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Section4.5Orthonormal Bases and Gram-Schmidt

SubsectionThe assignment

  • Read section 4.4 of Strang.
  • Read the following and complete the exercises below.

SubsectionLearning Goals

Before class, a student should be able to:

  • Correctly decide if a matrix is orthogonal or not.
  • Use the Gram-Schmidt algorithm to turn a basis into an orthonormal basis.

Some time after class, a student should be able to:

  • Find the QR decomposition of a matrix.
  • Describe the Gram-Schmidt process geometrically using orthogonal projections.

SubsectionDiscussion: Gram-Schmidt

There are four main points to take away from this section:

  • The idea of an orthonormal basis.
  • The idea of an orthogonal matrix. The special property that \(Q^T = Q^{-1}\) for an orthogonal matrix \(Q\).
  • The Gram-Schimdt algorithm for constructing an orthonormal basis.
  • The \(QR\) decomposition of a matrix \(A\).

SubsectionSage and the QR decomposition

Sage has a built-in command to find the QR decomposistion of a matrix. Essentially, it does the Gram-Schmidt algorithm under the hood.

If you check the documentation, you will see that the matrix has to be defined over a special type of ring, so use QQbar.

This matrix should be an orthogonal matrix. Let's check that.

That is machine language for “I am pretty sure that's the identity.” Those question marks are for machine precision representation of exact numbers.

SubsectionExercises

Task124
(Strang ex. 4.4.12) If \(a_1\), \(a_2\), \(a_3\) is a basis for \(\mathbb{R}^3\), then any vector \(b\) can be written as \begin{equation*} b = x_1 a_1 + x_2 a_2 + x_3 a_3 \end{equation*} or \begin{equation*} \begin{pmatrix} | & | & | \\ a_1 & a_2 & a_3 \\ | & | & | \end{pmatrix}\begin{pmatrix} x_1 \\ x_2 \\ x_3 \end{pmatrix} = b. \end{equation*}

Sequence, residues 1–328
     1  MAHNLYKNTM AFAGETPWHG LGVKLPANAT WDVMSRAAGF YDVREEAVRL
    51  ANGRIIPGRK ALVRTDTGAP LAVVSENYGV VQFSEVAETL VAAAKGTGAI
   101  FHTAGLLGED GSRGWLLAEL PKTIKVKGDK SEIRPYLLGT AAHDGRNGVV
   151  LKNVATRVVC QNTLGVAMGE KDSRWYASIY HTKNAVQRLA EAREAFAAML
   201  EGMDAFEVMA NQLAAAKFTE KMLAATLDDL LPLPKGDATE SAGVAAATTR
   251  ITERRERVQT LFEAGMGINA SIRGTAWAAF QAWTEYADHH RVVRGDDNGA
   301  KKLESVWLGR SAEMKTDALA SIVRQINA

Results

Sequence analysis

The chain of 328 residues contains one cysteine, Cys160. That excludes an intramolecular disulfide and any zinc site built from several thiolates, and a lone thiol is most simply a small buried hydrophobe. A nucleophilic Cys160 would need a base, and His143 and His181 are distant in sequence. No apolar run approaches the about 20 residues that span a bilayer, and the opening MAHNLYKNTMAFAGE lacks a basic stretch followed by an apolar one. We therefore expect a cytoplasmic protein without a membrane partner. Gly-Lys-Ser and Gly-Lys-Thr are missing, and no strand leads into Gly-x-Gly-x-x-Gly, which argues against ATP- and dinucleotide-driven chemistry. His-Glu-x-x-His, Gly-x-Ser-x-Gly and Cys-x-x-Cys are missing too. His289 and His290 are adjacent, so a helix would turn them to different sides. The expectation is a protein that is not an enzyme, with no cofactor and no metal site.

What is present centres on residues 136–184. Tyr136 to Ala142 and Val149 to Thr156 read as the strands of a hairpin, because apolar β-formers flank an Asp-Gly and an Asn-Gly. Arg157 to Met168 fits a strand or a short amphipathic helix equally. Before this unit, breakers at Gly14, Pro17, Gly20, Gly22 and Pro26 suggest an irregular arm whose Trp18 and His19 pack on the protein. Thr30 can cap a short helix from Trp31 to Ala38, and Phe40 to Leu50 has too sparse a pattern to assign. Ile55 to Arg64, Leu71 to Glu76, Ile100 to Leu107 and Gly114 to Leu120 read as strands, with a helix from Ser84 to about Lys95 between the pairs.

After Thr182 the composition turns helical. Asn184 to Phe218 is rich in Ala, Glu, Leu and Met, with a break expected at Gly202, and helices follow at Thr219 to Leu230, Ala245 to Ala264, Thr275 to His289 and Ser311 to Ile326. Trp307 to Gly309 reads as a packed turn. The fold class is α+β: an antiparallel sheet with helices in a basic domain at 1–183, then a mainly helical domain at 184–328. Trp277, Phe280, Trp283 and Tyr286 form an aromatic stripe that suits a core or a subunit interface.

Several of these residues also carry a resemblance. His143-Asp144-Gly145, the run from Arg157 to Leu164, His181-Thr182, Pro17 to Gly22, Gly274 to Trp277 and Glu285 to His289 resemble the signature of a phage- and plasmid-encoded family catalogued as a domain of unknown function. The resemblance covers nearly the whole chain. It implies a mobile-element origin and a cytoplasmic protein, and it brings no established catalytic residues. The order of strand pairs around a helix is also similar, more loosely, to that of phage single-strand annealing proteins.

1. Suppose the \(a_i\)'s are orthonormal. Show that \(x_1 = a_1^T b\).
  2. Suppose the \(a_i\)'s are orthogonal. Show that \(x_1 = a_1^T b / a_1^T a_1\).
  3. If the \(a_i\)'s are independent, \(x_1\) is the first component of something times b. What is the something?
Task125
(Strang ex. 4.4.18) Find orthogonal vectors \(A\), \(B\), \(C\) by Gram-Schmidt from \(a\), \(b\), \(c\): \begin{equation*} a = (1,-1,0,0), \quad b = (0,1,-1,0), \quad c = (0,0,1,-1). \end{equation*} Note that both of these collections are bases for the hyperplane perpendicular to \((1,1,1,1)\).
Task126
(Strang ex. 4.4.19) If \(A = QR\), then check that \(A^TA\) is the same thing as \(R^TR\). What can we say about the shape of the matrix \(R\)? Note that this means that Gram-Schmidt on \(A\) corresponds to elimination on \(A^TA\)! The pivots for \(A^TA\) must be the squares of the diagonal entries of \(R\). Find \(Q\) and \(R\) by Gram-Schmidt for this \(A\): \begin{equation*} A = \begin{pmatrix} -1 & 1 \\ 2 & 1 \\ 2 & 4 \end{pmatrix}. \end{equation*} Compare with the structure of this matrix: \begin{equation*} A^TA = \begin{pmatrix} 9 & 9 \\ 9 & 18 \end{pmatrix} = \begin{pmatrix} 1 & 0 \\ 1 & 1 \end{pmatrix} \begin{pmatrix} 9 & 0 \\ 0 & 9 \end{pmatrix} \begin{pmatrix} 1 & 1 \\ 0 & 1 \end{pmatrix}. \end{equation*}
Task127
(Strang ex. 4.4.21) Find an orthonormal basis for the column space of \(A\), and then compute the projection of \(b\) onto that column space. \begin{equation*} A = \begin{pmatrix} 1 & -2 \\ 1 & 0 \\ 1 & 1 \\ 1 & 3\end{pmatrix} \qquad \text{ and } \qquad b = \begin{pmatrix} -4 \\ -3 \\ 3 \\ 0 \end{pmatrix}. \end{equation*}
Task128
(Strang ex. 4.4.23) Let \(a\), \(b\), \(c\) be the columns of the matrix \begin{equation*} A = \begin{pmatrix} 1 & 2 & 4 \\ 0 & 0 & 5 \\ 0 & 3 & 6 \end{pmatrix} \end{equation*} Note that these vectors are linearly independent, so make a basis for \(\mathbb{R}^3\). Find an orthonormal basis \(q_1\), \(q_2\), \(q_3\) and express the vectors as linear combinations of \(a\), \(b\), \(c\). Finally, write \(A\) as \(QR\).
Task129
(Strang ex. 4.4.24)
  1. Find a basis for the subspace \(S\) in \(\mathbb{R}^4\) spanned by all solutions of \begin{equation*} x_1 + x_2 + x_3 - x_4 = 0. \end{equation*}
  2. Find a basis for the orthogonal complement \(S^{\perp}\).
  3. Find \(b_1\) in \(S\) and \(b_2\) in \(S^{\perp}\) so that \(b_1 + b_2 = b = (1,1,1,1)\).